Once you have your decisional balance sheet completed, look at the box in the lower left corner that indicates the disadvantages of change. This box contains your fears and apprehensions. Very often, because of our past conditioning and the meaning we attach to our disappointments in a certain area of life, we develop automatic negative thoughts that are evoked any time we think about taking action in that realm. This is the little voice inside your head that instills fear and doubt.

If right now you’re thinking, “What? That’s crazy. I don’t have a little voice in my head. I don’t know what this guy is …” That’s the voice! You’ll likely recognize some of the automatic negative thoughts listed in the chart above. It’s important to understand that this voice isn’t right; it’s merely afraid and therefore apprehensive. Take a look at all the disadvantages of change you have written in this box. Which one is the most disturbing to you? Challenge it! Ask yourself, “Where is the evidence for this? How can I be absolutely sure that will occur as a result of changing?” Another question to ask is, “What if that doesn’t happen? What if I have all this fear about this one thing holding me back and it never occurs?”

Step 3: Analyze the advantages of no change

Go to the box in the upper right corner. This box indicates the advantages of not changing. You want to not only challenge the responses you gave but also come up with some alternative answers. In the case of the chart above, how can the advantages of exercise outweigh the advantages of not exercising? Take the response “I will have more free time,” for example. Flip that response and ask yourself, “If I’m not in shape, in what way(s) could that level of conditioning and energy limit the choices I have regarding how I spend my free time?” Asking the following question can introduce another perspective: “If I had the energy, vitality and confidence I desire, what would I be able to do in my free time that I currently can’t or won’t?”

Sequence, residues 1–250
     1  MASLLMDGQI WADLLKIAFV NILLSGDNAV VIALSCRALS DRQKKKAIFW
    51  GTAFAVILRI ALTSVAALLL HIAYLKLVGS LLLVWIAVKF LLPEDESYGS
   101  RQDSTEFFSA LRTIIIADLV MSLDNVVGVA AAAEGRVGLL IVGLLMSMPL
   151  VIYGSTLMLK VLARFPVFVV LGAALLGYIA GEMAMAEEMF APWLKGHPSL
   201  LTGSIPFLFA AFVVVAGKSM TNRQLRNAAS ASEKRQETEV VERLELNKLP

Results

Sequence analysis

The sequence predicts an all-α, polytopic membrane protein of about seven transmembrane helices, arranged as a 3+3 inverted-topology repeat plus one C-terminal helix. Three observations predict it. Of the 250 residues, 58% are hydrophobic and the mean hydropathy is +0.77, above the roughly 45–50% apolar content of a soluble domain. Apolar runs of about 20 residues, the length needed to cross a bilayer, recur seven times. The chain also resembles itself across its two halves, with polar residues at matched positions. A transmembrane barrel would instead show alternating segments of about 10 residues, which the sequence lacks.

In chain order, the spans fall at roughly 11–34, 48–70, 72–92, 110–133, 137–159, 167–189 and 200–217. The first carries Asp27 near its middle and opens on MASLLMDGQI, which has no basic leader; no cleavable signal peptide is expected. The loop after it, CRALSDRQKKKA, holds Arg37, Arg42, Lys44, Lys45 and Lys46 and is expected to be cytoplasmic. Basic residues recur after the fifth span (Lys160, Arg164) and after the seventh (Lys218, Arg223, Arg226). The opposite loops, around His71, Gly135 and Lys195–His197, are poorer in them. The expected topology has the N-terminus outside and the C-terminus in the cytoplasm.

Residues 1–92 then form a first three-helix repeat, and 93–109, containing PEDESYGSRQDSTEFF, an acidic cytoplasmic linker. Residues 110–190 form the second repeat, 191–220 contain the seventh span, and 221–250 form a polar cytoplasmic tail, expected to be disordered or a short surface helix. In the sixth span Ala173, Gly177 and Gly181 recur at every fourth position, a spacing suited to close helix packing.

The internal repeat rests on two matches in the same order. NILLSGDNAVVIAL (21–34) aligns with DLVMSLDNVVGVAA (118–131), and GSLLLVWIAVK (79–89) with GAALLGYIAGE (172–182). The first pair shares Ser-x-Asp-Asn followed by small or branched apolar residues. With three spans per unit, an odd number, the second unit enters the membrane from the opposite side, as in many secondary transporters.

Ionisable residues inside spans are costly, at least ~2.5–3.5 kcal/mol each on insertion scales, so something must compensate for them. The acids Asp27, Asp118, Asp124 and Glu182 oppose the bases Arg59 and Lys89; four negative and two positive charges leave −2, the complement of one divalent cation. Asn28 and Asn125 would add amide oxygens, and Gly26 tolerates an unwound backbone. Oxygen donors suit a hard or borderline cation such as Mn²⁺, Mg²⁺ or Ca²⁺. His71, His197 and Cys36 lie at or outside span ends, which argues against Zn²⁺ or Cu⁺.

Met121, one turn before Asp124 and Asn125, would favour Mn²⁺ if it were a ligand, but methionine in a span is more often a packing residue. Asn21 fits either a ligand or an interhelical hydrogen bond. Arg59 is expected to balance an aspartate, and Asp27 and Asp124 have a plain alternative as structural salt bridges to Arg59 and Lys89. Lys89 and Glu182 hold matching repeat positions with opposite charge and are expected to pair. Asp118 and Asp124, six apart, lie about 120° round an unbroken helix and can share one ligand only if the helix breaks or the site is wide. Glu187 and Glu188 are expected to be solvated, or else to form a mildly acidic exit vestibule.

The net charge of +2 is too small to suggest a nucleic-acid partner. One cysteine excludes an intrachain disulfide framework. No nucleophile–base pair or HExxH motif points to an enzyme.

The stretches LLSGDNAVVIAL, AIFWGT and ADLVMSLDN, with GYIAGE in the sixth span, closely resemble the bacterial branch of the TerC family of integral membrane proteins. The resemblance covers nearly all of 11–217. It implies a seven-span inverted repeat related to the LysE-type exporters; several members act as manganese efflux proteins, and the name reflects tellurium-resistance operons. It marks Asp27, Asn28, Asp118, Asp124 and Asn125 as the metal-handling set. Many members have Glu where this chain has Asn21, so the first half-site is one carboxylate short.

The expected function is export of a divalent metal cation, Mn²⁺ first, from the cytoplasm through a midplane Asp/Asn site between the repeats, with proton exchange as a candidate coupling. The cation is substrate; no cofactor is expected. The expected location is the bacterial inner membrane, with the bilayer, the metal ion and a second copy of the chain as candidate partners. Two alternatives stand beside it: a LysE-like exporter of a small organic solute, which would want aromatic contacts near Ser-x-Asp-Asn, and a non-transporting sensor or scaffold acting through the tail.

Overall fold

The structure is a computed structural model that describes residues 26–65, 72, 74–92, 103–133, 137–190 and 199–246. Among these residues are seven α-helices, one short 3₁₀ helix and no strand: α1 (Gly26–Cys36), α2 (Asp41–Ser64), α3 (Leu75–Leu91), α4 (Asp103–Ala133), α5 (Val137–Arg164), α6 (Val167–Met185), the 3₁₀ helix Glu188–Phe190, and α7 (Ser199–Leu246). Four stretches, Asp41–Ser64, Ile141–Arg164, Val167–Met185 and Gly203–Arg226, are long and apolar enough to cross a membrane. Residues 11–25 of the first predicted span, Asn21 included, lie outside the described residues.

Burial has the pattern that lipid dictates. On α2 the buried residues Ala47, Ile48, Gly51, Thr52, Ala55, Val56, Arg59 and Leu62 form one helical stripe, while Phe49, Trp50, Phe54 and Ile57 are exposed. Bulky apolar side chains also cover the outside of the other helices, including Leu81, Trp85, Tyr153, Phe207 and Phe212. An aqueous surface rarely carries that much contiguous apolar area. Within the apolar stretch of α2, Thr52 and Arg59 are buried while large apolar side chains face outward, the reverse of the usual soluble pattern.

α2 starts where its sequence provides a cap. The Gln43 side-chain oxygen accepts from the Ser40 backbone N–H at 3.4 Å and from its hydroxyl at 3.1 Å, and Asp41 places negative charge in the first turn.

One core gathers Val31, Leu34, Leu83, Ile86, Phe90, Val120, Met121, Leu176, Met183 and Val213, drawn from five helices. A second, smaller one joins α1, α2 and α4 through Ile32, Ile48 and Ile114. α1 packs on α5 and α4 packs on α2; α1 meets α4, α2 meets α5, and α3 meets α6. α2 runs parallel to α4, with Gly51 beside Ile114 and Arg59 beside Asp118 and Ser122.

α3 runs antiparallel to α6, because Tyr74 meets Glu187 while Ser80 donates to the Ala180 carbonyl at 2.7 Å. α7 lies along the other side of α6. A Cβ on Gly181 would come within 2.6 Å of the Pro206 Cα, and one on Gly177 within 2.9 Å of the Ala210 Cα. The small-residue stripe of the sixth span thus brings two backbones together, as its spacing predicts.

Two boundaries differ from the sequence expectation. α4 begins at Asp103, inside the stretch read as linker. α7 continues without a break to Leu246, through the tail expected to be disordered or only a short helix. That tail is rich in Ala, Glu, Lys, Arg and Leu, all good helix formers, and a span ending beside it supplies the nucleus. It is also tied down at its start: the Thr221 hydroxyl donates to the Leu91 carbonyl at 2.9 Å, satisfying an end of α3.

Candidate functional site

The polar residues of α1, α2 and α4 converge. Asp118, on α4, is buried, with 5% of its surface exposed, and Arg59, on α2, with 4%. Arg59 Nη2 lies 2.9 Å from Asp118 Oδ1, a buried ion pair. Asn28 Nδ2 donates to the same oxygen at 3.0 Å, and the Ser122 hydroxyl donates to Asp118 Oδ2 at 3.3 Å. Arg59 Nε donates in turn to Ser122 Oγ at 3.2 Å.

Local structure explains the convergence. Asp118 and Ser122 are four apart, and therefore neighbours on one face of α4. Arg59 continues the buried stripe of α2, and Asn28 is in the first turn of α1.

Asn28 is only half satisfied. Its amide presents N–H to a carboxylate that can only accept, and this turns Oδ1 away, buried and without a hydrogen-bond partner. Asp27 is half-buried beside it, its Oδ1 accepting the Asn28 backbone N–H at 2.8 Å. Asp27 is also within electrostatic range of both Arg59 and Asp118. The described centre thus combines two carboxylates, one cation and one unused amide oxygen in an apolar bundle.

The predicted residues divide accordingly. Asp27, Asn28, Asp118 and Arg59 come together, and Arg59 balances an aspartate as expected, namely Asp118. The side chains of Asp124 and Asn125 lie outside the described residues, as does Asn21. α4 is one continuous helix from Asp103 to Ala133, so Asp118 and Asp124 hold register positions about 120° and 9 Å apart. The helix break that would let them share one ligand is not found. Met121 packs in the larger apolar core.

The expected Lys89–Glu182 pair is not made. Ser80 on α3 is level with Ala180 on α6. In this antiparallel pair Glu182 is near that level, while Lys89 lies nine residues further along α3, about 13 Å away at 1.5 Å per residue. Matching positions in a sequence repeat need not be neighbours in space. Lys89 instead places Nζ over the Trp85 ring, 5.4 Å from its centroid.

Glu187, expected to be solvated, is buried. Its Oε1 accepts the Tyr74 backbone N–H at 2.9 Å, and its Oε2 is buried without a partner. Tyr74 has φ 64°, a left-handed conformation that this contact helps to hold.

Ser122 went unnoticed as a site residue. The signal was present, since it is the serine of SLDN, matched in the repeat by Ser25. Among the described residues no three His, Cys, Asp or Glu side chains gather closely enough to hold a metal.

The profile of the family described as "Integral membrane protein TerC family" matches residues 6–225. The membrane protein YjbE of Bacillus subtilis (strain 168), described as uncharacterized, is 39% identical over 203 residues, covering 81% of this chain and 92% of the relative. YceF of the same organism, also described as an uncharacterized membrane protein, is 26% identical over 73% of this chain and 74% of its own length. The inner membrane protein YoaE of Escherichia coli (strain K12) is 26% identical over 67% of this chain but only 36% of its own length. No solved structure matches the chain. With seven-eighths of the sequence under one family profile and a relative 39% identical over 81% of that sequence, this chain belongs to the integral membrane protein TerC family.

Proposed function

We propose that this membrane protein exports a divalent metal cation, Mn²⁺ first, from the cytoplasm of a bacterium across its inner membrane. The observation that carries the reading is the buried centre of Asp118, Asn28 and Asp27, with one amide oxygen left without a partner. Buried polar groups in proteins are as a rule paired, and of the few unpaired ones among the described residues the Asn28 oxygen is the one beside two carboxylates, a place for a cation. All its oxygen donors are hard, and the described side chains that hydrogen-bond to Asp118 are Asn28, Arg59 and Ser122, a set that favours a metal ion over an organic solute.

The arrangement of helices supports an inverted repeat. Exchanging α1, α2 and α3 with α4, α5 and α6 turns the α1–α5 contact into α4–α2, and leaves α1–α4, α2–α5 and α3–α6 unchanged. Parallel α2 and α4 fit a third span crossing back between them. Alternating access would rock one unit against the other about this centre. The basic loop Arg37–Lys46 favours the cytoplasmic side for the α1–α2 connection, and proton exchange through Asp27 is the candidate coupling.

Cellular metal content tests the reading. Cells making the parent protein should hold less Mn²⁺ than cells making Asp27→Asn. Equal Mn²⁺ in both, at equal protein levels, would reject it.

Step 4: Gauge the disadvantages of no change

In the upper left corner, examine the disadvantages of not changing. Which one of those disadvantages would affect you the most? For example, for an answer like “can’t play with the kids” in the chart above, think about what experiences that could cost you. What memories or magical moments could you be creating with your kids that you’re not? In what ways could that limit your relationship with them? How could this situation get worse in the next year or in five or 10 years? Often when we see that it’s more painful to persist with a current behavior pattern than it is to replace it with a new one, it minimizes our reluctance to move forward toward the attainment of our goals.

Step 5: Find the biggest advantage

Look at everything you wrote in the lower right corner in the box for the advantages of change. Which one of these is the single most important to you? What is the impact of experiencing that one thing? What will you have in your life as a result of that one advantage? What will that feel like? In what ways will your life be positively affected by that one advantage in a year or in five or 10 years from now?

Finally, what is one step you can take toward the attainment of that one outcome? What does progress look like? Be as specific as possible. Then write down what success looks like. The attainment of the biggest goals we set for the future depends on our willingness to take even the smallest step in the present.

Photo credit: leonardo2011 AdobeStock  961136